The U.S. Capitol Police has enlisted new members to its ranks — but their main job isn’t to protect lawmakers.
Instead, the four-legged USCP members are there to support its 2,300 officers, many of whom are still struggling in the wake of the Jan. 6 riots at the U.S. Capitol and a deadly car attack in April.
Lila, a 3-year-old black lab, joined the USCP in June. She is one of two support dogs that USCP wellness support staff uses to keep spirits up in the Capitol.
Lila’s handler, Dmitri Louis, says her temperament made her a perfect fit for the new job.
“We just try to hit different divisions, different shifts to just allow anyone to kind of play with her, so anxiety gets lowered, emotions get managed,” Louis said. “She puts people in a different place.”
Lila didn’t start her training with law enforcement in mind. She was initially in training to become a seeing-eye dog. However, she has one weakness that she couldn’t overcome.
“Her kryptonite is squirrels,” Louis said. “That became an issue. So she went into a different kind of training to be very comfortable with groups of people, to be comfortable with crowds. Training that made her more suited for what she does right now.”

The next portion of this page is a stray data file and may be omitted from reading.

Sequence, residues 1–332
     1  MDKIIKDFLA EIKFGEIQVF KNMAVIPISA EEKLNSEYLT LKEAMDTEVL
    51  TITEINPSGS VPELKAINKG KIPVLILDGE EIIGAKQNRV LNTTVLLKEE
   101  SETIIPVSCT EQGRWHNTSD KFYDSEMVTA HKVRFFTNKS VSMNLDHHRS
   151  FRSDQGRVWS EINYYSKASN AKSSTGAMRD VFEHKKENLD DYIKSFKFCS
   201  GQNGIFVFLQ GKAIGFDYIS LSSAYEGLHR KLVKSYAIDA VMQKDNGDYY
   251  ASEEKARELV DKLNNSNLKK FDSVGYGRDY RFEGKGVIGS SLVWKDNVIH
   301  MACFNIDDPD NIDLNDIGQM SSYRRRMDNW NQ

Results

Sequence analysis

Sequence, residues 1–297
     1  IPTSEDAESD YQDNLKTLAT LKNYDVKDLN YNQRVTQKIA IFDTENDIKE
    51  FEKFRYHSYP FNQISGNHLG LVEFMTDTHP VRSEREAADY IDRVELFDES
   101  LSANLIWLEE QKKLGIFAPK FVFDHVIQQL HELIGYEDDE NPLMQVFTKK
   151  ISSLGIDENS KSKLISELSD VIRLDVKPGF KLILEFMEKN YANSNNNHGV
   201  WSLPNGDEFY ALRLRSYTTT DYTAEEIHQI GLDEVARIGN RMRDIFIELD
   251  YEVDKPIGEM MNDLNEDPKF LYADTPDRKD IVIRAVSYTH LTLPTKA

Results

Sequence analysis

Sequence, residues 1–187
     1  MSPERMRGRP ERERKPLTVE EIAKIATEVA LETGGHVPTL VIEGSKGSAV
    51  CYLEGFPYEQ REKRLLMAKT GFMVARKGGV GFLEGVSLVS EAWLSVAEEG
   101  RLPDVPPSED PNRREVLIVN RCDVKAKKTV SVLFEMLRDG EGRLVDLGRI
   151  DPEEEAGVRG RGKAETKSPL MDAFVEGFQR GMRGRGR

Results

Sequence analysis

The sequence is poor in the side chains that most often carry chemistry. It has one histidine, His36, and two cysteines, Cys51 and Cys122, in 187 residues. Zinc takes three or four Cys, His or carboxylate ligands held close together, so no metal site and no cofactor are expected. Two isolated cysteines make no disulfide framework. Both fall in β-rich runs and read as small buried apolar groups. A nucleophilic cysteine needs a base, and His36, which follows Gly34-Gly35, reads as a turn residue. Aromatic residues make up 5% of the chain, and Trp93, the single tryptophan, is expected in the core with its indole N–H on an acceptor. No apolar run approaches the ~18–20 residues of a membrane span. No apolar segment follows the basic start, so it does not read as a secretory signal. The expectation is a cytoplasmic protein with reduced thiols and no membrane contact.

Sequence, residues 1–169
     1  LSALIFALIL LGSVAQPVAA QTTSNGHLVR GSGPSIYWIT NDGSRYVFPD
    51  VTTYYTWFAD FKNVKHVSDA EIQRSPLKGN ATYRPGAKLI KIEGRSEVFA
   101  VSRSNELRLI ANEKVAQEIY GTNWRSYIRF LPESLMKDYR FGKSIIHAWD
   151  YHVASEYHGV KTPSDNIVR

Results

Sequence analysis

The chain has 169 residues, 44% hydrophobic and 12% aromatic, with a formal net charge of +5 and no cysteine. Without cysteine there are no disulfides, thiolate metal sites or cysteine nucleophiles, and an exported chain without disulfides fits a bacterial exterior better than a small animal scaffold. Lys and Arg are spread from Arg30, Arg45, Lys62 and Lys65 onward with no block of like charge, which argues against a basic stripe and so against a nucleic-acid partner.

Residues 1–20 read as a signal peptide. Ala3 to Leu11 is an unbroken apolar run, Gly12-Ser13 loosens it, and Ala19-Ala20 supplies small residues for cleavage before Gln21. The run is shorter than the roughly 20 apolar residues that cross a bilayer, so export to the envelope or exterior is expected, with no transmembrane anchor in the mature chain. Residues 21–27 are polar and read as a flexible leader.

Lila and her coworker, a four-year-old yellow lab named Leo, have made friends with Capitol police officers and lawmakers alike.
“We’ve all had bad days. You’ve had bad days. I’ve had bad days. The minute a dog walks into the room for even a minute, you kind of forget about it all,” USCP Officer Jeffrey Albanese said. “Those bad feelings and maybe some of those thoughts you’re having, they go away.”
“There’s, of course, the Harry Truman quote that, ‘If you want a friend in Washington, get a dog,'” said Rep. Mary Gay Scanlon, D-Pennsylvania. “There’s all kinds of research on how dogs lower your blood pressure; they’re just so lovely and warm. And it seemed like a great addition to the Capitol, where tensions are high under the best of circumstances.”
“No one can really see Lila without getting this big old grin on their face because she’s just a lovable dog,” said USCP Officer Caroline Edwards. “That’s kind of what service dogs do, is they just relieve that tension you’ve been holding in.”